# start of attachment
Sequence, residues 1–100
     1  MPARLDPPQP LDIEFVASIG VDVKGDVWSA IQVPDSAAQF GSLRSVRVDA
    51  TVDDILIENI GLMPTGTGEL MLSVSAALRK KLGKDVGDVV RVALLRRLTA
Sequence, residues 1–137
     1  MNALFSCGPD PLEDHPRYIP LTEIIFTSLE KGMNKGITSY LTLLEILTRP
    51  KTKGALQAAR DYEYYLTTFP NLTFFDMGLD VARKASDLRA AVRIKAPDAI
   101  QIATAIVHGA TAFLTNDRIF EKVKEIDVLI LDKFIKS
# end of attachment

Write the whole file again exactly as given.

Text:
Sequence, residues 1–100
     1  MPARLDPPQP LDIEFVASIG VDVKGDVWSA IQVPDSAAQF GSLRSVRVDA
    51  TVDDILIENI GLMPTGTGEL MLSVSAALRK KLGKDVGDVV RVALLRRLTA
Sequence, residues 1–137
     1  MNALFSCGPD PLEDHPRYIP LTEIIFTSLE KGMNKGITSY LTLLEILTRP
    51  KTKGALQAAR DYEYYLTTFP NLTFFDMGLD VARKASDLRA AVRIKAPDAI
   101  QIATAIVHGA TAFLTNDRIF EKVKEIDVLI LDKFIKS